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This usually occurs for objects that are used by a person, and in English often feels to me like an Americanism. Examples:

The sofa sits five.

The wine drinks very smoothly.

The car drives very responsively.

The food tastes good.

This sentence reads clunkily.

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    “The food tastes good” feels like an Americanism to you? I wouldn’t have said it’s equivalent to the other examples at all. The others are clear dispositional middles (well, perhaps not the first one – that’s just a different transitive usage), but taste good isn’t a middle restructuring of any underlying transitive construction. Oct 27 at 19:15
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    That' s a good point. That example didn't sound like an Americanism to me, but I included it because I thought it was part of the same phenomenon. Upon reflection, if it were the same construction then it would have to be "The food tastes well" or "The food tastes deliciously" with an adverb as opposed to an adjective. Oct 27 at 19:34
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These are called dispositional middles. The term stems from languages which have a morphological middle voice besides active and passive, of which dispositional middles are often one of the functions. For English the term is slightly odd because the active morphology is used.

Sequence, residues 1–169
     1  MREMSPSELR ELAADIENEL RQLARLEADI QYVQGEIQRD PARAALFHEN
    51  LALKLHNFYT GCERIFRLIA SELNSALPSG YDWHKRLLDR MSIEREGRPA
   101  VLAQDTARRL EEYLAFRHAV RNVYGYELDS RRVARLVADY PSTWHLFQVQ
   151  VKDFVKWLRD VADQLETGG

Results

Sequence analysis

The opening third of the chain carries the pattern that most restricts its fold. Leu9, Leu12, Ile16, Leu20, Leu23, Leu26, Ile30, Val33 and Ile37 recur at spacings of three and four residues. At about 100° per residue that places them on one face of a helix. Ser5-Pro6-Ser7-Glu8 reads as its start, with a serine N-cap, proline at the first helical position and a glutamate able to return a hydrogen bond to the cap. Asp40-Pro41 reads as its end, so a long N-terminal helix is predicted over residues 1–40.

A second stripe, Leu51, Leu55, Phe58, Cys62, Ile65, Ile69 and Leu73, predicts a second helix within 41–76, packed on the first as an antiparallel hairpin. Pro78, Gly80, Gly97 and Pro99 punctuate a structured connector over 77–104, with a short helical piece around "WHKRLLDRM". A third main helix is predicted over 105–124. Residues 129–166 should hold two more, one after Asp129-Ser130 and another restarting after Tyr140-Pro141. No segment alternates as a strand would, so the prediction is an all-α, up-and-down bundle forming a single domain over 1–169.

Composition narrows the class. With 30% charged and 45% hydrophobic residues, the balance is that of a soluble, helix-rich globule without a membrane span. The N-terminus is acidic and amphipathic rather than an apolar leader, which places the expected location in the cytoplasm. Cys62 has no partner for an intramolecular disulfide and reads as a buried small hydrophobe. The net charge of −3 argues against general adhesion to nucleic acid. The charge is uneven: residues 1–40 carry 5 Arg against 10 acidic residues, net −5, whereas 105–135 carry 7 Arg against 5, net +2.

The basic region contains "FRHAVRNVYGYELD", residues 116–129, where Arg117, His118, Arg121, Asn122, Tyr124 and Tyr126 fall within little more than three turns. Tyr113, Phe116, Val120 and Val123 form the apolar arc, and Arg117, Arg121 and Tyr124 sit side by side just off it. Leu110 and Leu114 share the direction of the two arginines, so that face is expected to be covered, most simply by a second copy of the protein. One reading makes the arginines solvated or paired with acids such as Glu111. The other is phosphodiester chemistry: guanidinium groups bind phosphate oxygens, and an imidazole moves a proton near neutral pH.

The classical work on this is Suzanne Kemmer (1993), The Middle Voice. Wikipedia also has a brief section on it.

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  • Thanks! Searching for "dispositional middles" leads me to find that they might also be called "personal middles," but perhaps this is a case of non-standardized academic terminology? Oct 27 at 18:48
  • @JasonEliot I believe that's a matter of whether the disposition is attributed to the subject or to sth unexpressed. So e.g. the book reads pleasantly vs. the atmosphere makes for pleasant reading. The first is 'personal', because it attributes a disposition to the subject; the second 'impersonal', because it attributes a disposition to something not expressed (books, journals, ...). I would both call them dispositional middles. But the terminology is somewhat free because the kind of functions that middle voice encompasses are not discrete anyway; they form a multidimensional continuum.
    – Keelan
    Oct 27 at 18:59
  • That stuff is amazing! Never looked at it at that angle. Thank you!
    – Yellow Sky
    Oct 27 at 21:47
  • The Middle Alternation is the first one in the classic book on English Verb Alternations. It's almost entirely governed by the matrix verb, but there's significant adverbial participation.
    – jlawler
    Oct 28 at 21:35

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